Bill Gross has interesting thoughts on the mortgage industry. If his plan is enacted, I don’t see it being anything substantial, as the savings that consumers would be getting from lower rates would mostly be saved, not funneled into consumer spending.
In the summit yesterday, Gross proposed that the administration order Fannie Mae and Freddie Mac to refinance all outstanding mortgages that they back or guarantee into today’s historically low interest rates.
I am of the inclination that the money saved by consumers would not be spent as much as Mr. Gross thinks. Most of the money would go into further savings and the continued repairing of consumers balance sheets. The recession made people realise that they need a buffer or a “rainy day fund” in the event of a job loss or other catastrophe.
The savings rate is currently around 6.3%, the highest level it’s been in decades. For this kind of mentality to change course, it is going to take nothing but time and increased security. You can stimulate the economy all you want, but if the consumer mindset isn’t in a spending mood, there is nothing you can do to change that. That is the point that Gross and the Obama administration are missing.
The past few years have engendered a fundamental shift in consumers’ line of thinking — and I don’t think it will change anytime soon. The jobs outlook and economic outlook need to brighten considerably for consumers to change their behaviour. People won’t be taking out loans to buy big screen TVs and boats again any time soon.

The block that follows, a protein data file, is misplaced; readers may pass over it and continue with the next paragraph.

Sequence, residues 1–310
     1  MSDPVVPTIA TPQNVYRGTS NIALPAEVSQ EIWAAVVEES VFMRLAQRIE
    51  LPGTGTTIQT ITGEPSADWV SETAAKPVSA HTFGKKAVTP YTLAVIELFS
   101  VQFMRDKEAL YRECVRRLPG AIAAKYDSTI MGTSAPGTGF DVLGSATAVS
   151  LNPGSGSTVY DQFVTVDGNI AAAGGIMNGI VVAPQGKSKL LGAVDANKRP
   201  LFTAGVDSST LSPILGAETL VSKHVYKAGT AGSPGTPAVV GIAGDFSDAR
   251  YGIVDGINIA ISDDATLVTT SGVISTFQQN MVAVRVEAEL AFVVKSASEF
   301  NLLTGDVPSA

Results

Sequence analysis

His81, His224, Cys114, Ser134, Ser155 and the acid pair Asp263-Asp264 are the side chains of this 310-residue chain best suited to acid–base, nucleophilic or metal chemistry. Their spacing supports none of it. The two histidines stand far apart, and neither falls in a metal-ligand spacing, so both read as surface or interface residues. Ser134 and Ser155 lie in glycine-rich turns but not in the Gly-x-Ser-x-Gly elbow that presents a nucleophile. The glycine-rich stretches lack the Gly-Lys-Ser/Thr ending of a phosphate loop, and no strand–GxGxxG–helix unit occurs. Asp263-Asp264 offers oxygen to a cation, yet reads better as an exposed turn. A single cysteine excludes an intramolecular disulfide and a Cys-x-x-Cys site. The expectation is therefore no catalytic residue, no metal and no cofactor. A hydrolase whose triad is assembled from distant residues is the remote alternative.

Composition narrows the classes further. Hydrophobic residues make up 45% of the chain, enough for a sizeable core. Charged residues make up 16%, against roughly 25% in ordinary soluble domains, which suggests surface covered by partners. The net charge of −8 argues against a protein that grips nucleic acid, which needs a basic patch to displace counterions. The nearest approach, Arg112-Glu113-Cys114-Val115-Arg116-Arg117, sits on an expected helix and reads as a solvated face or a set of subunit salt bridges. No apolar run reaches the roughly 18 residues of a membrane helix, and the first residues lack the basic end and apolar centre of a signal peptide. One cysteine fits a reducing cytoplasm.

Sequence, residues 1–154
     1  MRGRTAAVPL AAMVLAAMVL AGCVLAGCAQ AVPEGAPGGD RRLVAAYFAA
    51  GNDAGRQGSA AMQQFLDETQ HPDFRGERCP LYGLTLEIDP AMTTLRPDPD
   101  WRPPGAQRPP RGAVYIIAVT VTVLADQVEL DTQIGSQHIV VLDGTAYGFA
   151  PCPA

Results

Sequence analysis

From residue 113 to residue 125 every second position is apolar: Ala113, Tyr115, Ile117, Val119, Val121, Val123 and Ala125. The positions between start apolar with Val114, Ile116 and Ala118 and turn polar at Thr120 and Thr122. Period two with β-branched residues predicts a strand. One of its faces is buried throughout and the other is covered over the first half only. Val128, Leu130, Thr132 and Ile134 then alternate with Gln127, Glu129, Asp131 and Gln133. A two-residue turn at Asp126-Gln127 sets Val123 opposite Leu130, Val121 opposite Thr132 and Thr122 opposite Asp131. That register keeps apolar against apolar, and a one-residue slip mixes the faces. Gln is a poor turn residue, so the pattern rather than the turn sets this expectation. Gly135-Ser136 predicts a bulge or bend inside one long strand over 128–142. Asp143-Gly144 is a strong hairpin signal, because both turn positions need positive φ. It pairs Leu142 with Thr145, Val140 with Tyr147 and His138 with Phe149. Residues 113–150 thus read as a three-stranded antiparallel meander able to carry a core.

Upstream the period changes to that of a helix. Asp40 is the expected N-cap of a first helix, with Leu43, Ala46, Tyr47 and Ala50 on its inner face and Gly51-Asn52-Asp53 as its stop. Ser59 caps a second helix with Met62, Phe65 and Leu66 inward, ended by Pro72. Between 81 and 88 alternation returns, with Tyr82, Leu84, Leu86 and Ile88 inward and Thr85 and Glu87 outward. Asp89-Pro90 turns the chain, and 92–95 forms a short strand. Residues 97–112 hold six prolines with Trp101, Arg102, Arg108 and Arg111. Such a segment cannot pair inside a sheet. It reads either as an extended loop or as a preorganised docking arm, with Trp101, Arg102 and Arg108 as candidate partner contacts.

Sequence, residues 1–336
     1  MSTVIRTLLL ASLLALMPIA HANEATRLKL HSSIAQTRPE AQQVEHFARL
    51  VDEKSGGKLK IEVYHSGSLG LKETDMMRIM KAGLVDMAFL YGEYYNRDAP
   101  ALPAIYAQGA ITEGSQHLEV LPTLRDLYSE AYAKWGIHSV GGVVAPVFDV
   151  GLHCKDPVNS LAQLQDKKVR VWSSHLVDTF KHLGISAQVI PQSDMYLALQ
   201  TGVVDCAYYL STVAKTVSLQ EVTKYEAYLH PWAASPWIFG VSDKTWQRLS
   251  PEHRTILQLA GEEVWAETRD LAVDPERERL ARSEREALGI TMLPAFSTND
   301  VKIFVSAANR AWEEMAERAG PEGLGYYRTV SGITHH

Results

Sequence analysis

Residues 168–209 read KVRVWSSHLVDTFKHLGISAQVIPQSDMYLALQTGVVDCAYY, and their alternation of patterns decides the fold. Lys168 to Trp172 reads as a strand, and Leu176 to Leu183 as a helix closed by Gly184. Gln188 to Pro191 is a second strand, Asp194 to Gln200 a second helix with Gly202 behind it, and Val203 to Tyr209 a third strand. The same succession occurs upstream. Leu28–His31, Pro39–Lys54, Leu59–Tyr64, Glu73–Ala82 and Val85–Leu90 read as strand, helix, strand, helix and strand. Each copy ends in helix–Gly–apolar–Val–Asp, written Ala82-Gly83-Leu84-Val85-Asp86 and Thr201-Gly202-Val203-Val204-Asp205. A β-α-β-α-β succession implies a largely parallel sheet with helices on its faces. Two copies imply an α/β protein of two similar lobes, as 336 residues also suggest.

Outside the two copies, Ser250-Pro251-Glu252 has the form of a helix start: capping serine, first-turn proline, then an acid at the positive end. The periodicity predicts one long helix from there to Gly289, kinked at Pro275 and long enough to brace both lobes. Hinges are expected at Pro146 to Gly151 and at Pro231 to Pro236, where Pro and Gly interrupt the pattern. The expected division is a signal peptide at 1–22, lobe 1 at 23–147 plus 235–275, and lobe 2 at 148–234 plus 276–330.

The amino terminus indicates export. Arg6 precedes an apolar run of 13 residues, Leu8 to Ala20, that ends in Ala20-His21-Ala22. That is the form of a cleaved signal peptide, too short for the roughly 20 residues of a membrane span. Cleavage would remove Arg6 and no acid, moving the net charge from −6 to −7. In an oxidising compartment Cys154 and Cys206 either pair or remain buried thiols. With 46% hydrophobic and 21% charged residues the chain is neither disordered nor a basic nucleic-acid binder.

We have been in a recession since December 2007, and while economists tend to believe it ended in the summer of 2009, consumers mindsets haven’t changed gears just yet. Unemployment rates are still incredibly high, wage growth outside of a few sectors is fairly stagnant and the news is bleak.
That being said, there are always a way to make traders/investors money on plans, and this one is certainly no different. While Gross’ plan won’t do anything to help the situation in the long-term, smaller mortgage payments could boost spending in the short-term.
The trade on this idea would be going to discretionary stocks like Target, Urban Outfitters and the like. Investors may also want to take a look at shares of priceline.com and Expedia, Inc. as nothing can put someone in a better frame of mind than a vacation.
Unfortunately, in my humble opinion, this is nothing more than a short-term boost that will not help as much as Gross believes.
Consumers are scared beyond belief that the economy will not get markedly better and as such, the savings rate will continue to go up. Any additional cash savings recognised by then will go into the bank and under the mattress for a rainy day.
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